If ever man were loved by wife, then thee; If ever wife was happy in a man, Compare with me ye women if you can (2-4)
What's with the phrase "compare with me ye women"? The poem is supposed to be a testament of love addressed to the woman's husband, but in line 4 the speaker throws down a challenge and addresses it to women everywhere. It makes us think she's more concerned with outdoing her friends than focusing on her husband. What do you think?
I prize thy love more than whole mines of Gold, Or all the riches that the East doth hold (5-6)
While these lines suggests that love is more important than material things like gold and riches, the fact that our speaker uses the word "prize" makes love seem like yet another kind of precious metal or gem. But what word would fit better here? Value? Cherish?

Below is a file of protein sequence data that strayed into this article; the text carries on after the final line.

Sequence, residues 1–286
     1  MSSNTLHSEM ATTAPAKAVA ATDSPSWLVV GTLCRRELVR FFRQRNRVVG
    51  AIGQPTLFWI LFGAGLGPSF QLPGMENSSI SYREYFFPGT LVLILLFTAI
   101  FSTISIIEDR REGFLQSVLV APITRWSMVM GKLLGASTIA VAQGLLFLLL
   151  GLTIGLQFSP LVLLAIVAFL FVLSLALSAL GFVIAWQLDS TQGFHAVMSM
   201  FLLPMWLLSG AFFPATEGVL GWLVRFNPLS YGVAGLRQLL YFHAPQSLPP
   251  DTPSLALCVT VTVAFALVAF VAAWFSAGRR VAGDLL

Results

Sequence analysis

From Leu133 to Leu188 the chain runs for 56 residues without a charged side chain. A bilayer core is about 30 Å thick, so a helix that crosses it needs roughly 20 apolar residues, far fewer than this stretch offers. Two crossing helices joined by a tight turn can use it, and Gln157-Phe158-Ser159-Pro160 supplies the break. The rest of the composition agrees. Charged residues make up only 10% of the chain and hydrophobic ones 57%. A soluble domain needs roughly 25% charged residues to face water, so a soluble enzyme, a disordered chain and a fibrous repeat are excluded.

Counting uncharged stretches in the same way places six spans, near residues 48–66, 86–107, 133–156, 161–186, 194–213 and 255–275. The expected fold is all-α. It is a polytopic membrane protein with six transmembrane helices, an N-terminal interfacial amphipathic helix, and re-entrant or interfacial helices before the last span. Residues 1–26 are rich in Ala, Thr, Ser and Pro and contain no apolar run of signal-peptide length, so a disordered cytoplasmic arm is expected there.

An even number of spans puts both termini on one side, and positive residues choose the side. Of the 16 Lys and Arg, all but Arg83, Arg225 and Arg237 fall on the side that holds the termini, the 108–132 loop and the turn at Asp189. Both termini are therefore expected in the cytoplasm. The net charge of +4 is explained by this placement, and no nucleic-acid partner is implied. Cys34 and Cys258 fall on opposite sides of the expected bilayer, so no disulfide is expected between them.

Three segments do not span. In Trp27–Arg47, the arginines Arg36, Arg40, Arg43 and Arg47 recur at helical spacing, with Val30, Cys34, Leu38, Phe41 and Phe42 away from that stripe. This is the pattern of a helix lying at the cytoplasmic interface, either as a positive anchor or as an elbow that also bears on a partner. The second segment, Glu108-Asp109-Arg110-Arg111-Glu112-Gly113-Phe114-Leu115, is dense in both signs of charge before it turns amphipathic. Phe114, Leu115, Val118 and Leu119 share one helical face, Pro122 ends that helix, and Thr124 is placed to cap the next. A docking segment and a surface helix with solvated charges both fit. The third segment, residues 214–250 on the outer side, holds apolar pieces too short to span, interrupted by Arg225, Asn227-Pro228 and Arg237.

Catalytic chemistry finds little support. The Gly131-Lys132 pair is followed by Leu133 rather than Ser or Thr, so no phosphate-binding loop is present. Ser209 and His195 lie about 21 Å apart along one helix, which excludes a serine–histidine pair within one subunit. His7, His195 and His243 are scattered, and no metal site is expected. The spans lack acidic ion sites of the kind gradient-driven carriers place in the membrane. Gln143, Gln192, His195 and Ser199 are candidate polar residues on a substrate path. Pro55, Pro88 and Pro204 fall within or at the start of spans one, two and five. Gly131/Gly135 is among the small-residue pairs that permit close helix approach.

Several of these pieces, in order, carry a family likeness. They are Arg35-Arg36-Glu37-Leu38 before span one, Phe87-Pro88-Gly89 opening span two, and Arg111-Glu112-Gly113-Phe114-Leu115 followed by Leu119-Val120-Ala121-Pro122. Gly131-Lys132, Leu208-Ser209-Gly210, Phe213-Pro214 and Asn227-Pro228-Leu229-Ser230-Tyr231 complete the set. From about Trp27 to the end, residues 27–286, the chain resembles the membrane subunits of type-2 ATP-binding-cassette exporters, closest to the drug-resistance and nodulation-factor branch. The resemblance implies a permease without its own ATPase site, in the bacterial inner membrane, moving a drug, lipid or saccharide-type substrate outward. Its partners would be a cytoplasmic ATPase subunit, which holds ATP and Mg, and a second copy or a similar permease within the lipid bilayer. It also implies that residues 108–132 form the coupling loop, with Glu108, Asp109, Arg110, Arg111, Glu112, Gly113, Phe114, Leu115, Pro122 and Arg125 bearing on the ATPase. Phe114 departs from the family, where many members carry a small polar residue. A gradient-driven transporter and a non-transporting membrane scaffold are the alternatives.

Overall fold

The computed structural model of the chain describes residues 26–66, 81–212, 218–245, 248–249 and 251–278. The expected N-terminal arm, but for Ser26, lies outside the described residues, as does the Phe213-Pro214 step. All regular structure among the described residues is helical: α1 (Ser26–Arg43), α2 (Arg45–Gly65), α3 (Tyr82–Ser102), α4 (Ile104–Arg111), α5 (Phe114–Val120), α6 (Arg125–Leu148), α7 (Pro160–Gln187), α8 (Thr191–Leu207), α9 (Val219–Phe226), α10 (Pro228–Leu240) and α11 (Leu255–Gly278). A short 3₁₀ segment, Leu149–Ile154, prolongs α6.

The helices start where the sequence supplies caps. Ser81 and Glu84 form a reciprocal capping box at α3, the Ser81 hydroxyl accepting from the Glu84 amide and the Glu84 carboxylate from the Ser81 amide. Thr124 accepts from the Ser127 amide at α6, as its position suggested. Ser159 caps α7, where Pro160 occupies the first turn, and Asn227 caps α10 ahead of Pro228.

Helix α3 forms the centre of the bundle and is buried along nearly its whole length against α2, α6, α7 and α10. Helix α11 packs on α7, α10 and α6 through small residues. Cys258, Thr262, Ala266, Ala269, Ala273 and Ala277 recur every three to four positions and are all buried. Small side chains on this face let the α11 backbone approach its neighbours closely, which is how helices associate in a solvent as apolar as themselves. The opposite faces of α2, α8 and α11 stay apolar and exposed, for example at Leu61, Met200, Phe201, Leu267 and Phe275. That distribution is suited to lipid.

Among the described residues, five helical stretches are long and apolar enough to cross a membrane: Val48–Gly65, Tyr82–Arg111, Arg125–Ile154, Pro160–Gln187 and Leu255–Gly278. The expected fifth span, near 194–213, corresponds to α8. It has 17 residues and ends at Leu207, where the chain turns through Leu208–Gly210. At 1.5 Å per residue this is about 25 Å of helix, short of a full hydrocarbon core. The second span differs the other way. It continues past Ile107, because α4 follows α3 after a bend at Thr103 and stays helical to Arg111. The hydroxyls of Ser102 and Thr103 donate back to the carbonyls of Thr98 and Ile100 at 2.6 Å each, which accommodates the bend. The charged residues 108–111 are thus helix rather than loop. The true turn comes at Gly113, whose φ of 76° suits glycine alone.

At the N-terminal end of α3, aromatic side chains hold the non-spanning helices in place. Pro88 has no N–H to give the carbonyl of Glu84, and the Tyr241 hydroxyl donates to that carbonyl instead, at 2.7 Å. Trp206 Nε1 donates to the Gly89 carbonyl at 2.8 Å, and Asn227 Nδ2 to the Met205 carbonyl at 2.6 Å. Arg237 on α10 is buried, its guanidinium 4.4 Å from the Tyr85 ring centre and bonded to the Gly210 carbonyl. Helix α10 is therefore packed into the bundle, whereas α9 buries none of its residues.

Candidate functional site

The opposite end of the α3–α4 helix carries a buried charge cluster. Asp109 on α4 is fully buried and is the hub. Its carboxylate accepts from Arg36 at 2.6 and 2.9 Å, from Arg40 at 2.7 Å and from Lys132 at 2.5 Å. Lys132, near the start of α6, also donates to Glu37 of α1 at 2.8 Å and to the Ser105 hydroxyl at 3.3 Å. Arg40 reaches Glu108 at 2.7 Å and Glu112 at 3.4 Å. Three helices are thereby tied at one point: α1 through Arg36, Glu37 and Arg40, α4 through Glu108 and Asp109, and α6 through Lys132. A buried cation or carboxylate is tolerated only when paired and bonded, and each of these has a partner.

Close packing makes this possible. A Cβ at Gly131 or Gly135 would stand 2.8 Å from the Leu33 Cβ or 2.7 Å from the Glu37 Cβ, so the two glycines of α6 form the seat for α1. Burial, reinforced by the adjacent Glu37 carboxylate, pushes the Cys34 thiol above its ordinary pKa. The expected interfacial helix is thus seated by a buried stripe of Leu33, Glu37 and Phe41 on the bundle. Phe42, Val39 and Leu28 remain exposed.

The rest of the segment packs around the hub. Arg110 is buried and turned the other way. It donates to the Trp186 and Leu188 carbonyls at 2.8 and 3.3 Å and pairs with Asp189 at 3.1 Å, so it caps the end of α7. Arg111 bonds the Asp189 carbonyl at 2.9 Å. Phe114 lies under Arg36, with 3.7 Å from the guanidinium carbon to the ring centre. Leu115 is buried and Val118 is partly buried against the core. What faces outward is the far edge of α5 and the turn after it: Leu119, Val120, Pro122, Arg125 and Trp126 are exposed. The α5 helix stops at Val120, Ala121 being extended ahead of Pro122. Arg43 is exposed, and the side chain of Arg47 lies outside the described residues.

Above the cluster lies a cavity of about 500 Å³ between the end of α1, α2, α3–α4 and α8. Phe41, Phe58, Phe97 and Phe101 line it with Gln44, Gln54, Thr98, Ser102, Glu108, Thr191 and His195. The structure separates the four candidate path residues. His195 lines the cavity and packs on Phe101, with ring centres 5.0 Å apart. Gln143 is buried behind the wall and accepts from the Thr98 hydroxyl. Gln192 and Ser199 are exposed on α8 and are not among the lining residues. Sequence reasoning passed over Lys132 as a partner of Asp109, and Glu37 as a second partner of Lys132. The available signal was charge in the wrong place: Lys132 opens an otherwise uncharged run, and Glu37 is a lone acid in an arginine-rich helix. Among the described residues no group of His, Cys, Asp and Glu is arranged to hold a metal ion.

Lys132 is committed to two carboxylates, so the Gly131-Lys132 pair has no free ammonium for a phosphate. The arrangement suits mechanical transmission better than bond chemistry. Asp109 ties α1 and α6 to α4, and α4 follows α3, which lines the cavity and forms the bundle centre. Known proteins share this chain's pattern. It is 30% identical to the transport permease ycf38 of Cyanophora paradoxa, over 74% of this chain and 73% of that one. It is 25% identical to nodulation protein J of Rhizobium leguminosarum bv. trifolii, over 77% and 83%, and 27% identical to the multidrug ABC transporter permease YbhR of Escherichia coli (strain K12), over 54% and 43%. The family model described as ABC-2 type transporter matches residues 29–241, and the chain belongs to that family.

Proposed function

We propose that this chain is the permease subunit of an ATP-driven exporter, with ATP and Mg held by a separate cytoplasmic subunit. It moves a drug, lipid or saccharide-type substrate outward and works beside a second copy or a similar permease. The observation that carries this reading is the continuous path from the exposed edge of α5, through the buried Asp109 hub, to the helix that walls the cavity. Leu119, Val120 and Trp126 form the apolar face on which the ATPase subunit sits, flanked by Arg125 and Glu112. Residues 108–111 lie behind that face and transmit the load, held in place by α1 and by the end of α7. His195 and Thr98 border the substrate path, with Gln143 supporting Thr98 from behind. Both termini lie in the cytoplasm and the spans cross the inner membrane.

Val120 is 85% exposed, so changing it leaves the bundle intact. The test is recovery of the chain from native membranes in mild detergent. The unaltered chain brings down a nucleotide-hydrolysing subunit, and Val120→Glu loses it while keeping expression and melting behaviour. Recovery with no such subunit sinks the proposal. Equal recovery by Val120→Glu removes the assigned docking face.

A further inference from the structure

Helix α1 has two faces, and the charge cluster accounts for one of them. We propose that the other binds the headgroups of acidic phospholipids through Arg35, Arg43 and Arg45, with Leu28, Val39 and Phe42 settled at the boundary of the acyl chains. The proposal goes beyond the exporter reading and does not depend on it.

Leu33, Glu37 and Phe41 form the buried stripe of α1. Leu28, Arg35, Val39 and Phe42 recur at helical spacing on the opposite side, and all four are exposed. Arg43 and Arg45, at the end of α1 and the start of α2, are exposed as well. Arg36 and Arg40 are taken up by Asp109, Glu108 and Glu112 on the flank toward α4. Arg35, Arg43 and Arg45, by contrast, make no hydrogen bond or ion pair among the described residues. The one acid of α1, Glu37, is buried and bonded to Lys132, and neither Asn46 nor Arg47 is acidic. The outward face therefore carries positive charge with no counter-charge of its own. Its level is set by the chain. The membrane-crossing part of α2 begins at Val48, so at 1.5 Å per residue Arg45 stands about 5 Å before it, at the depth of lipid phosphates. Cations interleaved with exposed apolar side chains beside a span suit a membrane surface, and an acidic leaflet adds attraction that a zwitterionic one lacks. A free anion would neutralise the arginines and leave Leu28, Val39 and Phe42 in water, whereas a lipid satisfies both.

My love is such that Rivers cannot quench, Nor ought but love from thee, give recompense (7-8)
The rhyme on "quench" and "recompense" is very odd. It's the only imperfect rhyme in the poem (note that only the "-en" sounds in the middle of the words rhyme). At the very moment that the speaker describes the power of her love, the poem gets a little messy. Perhaps the breakdown of the rhyme points to the way the speaker is affected by love. She can't find the right words.
Thy love is such I can no way repay The heavens reward thee manifold I pray (9-10)
Why can't the speaker "repay" her husband's love? Isn't her love for her husband a kind of return payment? For a moment here, the husband's love seems just a bit better, or more powerful. For some reason the speaker feels her love for her husband isn't quite up to snuff.